What's the basic use case(s) for VLANs?

What are the basic design principles?

I'm looking for something like a two paragraph executive summary style answer so I can determine if I need to learn about VLANs to implement them.


7 Answers 7


A VLAN (Virtual LAN) is a way of creating multiple virtual switches inside one physical switch. So for instance ports configured to use VLAN 10 act as if they're connected to the exact same switch. Ports in VLAN 20 can not directly talk to ports in VLAN 10. They must be routed between the two (or have a link that bridges the two VLANs).

There are a lot of reasons to implement VLANs. Typically the least of these reasons is the size of the network. I'll bullet list a few reasons and then break each one open.

  • Security
  • Link Utilization
  • Service Separation
  • Service Isolation
  • Subnet Size

Security: Security isn't itself achieved by creating a VLAN; however, how you connect that VLAN to other subnets could allow you to filter/block access to that subnet. For instance if you have an office building that has 50 computers and 5 servers you could create a VLAN for the server and a VLAN for the computers. For computers to communicate with the servers you could use a firewall to route and filter that traffic. This would then allow you to apply IPS/IDS,ACLs,Etc. to the connection between the servers and computers.

Link Utilization: (Edit)I can't believe I left this out the first time. Brain fart I guess. Link utilization is another big reason to use VLANs. Spanning tree by function builds a single path through your layer 2 network to prevent loops (Oh, my!). If you have multiple redundant links to your aggregating devices then some of these links will go unused. To get around this you can build multiple STP topology with different VLANs. This is accomplished with Cisco Proprietary PVST, RPVST, or standards based MST. This allows you to have multiple STP typologies you can play with to utilize your previously unused links. In example if I had 50 desktops I could place 25 of them in VLAN 10, and 25 of them in VLAN 20. I could then have VLAN 10 take the "left" side of the network and the remaining 25 in VLAN 20 would take the "right" side of the network.

Service Separation: This one is pretty straight forward. If you have IP security cameras, IP Phones, and Desktops all connecting into the same switch it might be easier to separate these services out into their own subnet. This would also allow you to apply QOS markings to these services based on VLAN instead of some higher layer service (Ex: NBAR). You can also apply ACLs on the device performing L3 routing to prevent communication between VLANs that might not be desired. For instance I can prevent the desktops from accessing the phones/security cameras directly.

Service Isolation: If you have a pair of TOR switches in a single rack that has a few VMWare hosts and a SAN you could create a iSCSI VLAN that remains unrouted. This would allow you to have an entirely isolated iSCSI network so that no other device could attempt to access the SAN or disrupt communication between the hosts and the SAN. This is simply one example of service isolation.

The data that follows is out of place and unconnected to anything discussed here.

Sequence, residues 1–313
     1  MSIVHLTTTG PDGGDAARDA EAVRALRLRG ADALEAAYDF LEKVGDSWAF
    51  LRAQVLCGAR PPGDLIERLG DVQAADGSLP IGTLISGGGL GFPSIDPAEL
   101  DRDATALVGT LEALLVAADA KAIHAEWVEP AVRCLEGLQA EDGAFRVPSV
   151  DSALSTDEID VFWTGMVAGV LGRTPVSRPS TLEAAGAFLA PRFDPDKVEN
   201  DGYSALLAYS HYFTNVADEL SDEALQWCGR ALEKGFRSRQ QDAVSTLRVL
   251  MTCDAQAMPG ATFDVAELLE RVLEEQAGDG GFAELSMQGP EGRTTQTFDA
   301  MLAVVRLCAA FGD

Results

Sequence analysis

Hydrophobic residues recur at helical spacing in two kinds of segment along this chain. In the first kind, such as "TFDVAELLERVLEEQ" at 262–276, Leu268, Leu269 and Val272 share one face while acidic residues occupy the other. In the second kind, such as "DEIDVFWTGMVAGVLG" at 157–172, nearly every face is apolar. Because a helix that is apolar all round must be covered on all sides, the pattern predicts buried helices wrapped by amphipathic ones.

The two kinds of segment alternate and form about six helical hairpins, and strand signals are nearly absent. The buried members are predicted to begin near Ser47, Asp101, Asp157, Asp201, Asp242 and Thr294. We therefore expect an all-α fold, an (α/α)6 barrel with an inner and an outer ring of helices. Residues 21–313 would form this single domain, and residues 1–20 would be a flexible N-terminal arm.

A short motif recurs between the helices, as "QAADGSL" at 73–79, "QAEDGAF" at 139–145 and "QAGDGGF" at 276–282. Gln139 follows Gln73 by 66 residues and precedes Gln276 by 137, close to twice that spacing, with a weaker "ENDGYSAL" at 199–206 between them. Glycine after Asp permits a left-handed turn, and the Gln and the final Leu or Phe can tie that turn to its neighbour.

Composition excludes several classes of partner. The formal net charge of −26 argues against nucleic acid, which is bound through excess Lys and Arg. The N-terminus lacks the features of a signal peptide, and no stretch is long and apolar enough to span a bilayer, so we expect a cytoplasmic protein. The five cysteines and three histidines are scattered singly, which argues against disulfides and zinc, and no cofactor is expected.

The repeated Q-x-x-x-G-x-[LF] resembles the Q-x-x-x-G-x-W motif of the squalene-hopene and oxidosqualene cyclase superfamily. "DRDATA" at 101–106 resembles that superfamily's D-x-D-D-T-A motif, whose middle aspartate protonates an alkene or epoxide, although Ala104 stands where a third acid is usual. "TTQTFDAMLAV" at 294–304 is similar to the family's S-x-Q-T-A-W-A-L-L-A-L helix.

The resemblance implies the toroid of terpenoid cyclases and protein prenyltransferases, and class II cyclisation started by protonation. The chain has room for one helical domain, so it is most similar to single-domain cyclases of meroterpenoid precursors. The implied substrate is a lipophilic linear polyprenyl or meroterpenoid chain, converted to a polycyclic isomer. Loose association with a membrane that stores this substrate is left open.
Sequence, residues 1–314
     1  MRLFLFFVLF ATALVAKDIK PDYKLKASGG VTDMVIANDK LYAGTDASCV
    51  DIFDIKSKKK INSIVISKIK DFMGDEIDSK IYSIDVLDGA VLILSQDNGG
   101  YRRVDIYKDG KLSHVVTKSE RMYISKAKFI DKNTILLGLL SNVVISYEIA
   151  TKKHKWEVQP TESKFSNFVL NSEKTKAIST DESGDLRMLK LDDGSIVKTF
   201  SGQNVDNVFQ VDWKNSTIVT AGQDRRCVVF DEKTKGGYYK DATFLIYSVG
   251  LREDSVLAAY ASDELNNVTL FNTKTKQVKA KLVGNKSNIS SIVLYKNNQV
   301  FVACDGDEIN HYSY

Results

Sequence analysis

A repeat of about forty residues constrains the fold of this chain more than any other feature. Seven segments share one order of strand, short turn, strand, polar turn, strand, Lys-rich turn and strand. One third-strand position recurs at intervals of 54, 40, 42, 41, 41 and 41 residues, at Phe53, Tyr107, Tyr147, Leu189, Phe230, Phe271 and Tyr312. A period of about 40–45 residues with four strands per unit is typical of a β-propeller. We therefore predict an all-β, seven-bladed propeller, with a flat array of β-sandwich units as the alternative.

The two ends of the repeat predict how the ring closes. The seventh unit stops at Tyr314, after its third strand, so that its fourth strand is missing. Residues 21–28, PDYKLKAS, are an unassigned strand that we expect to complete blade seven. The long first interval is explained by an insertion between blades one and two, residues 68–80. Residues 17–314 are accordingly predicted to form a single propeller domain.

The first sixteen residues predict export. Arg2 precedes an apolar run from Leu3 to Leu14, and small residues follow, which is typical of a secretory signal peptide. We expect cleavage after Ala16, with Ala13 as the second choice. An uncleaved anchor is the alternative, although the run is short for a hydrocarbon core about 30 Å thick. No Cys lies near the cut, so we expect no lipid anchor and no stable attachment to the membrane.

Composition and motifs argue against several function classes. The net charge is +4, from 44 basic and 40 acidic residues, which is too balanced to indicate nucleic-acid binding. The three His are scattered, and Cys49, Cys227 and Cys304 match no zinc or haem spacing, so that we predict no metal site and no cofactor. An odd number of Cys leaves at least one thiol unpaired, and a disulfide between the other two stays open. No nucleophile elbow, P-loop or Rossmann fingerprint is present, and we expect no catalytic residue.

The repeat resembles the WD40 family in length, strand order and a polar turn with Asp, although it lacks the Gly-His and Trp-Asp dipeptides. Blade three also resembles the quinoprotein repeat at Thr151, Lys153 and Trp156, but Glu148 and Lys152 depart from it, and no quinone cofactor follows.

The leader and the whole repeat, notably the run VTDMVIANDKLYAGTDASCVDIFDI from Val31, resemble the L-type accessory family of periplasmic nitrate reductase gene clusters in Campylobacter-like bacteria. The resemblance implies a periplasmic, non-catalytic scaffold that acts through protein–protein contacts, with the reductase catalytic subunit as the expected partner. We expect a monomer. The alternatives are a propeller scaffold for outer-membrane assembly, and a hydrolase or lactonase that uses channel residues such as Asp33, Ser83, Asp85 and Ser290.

Subnet Size: As stated before if a single site becomes too large you can break that site down into different VLANs which will reduce the number of hosts that see need to process each broadcast.

There are certainly more ways VLANs are useful (I can think of several that I use specifically as an Internet Service Provider), but I feel these are the most common and should give you a good idea on how/why we use them. There are also Private VLANs that have specific use cases and are worth mentioning here.


As networks grow larger and larger, scalability becomes an issue. In order to communicate, every device needs to send broadcasts, which are sent to all devices in a broadcast domain. As more devices are added to the broadcast domain, more broadcasts start to saturate the network. At this point, multiple issues creep in, including bandwidth saturation with broadcast traffic, increased processing on each device (CPU usage), and even security issues. Splitting this large broadcast domain into smaller broadcast domains becomes increasingly necessary.

Enter VLANs.

A VLAN, or Virtual LAN, creates separate broadcast domains virtually, eliminating the need to create completely separate hardware LANs to overcome the large-broadcast-domain issue. Instead, a switch can contain many VLANs, each one acting as a separate, autonomous broadcast domain. In fact, two VLANs, can not communicate with each other without the intervention of a layer 3 device such as a router, which is what layer 3 switching is all about.

In summary, VLANs, at the most basic level, segment large broadcast domains into smaller, more manageable broadcast domains to increase scalability in your ever-expanding network.


VLANs are logical networks created within the physical network. Their primary use is to provide isolation, often as a means to decrease the size of the broadcast domain within a network, but they can be used for a number of other purposes.

They are a tool that any network engineer should be familiar with and like any tool, they can be used incorrectly and/or at the wrong times. No single tool is the correct one in all networks and all situations, so the more tools you can use, the better you are able to work in more environments. Knowing more about VLANs allows you to use them when you need them and to use them correctly when you do.

One example of how they can be used, I currently work in an environments where SCADA (supervisory control and data acquisition) devices are used widely. SCADA devices typically are fairly simple and have a long history of less than stellar software development, often providing major security vulnerabilities.